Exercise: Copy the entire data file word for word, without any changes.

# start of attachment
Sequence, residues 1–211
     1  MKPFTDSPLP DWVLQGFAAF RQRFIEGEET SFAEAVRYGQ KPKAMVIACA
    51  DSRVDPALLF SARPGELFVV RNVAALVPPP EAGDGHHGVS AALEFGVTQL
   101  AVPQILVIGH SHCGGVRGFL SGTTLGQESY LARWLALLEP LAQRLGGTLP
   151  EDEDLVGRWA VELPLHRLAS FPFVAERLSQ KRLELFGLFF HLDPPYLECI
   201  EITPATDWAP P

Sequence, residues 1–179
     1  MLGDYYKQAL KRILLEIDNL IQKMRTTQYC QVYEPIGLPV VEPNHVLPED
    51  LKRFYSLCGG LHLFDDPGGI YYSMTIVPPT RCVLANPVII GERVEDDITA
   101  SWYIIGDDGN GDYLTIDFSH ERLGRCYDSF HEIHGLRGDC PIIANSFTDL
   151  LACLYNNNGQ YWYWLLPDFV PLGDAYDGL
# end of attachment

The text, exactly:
Sequence, residues 1–211
     1  MKPFTDSPLP DWVLQGFAAF RQRFIEGEET SFAEAVRYGQ KPKAMVIACA
    51  DSRVDPALLF SARPGELFVV RNVAALVPPP EAGDGHHGVS AALEFGVTQL
   101  AVPQILVIGH SHCGGVRGFL SGTTLGQESY LARWLALLEP LAQRLGGTLP
   151  EDEDLVGRWA VELPLHRLAS FPFVAERLSQ KRLELFGLFF HLDPPYLECI
   201  EITPATDWAP P

Sequence, residues 1–179
     1  MLGDYYKQAL KRILLEIDNL IQKMRTTQYC QVYEPIGLPV VEPNHVLPED
    51  LKRFYSLCGG LHLFDDPGGI YYSMTIVPPT RCVLANPVII GERVEDDITA
   101  SWYIIGDDGN GDYLTIDFSH ERLGRCYDSF HEIHGLRGDC PIIANSFTDL
   151  LACLYNNNGQ YWYWLLPDFV PLGDAYDGL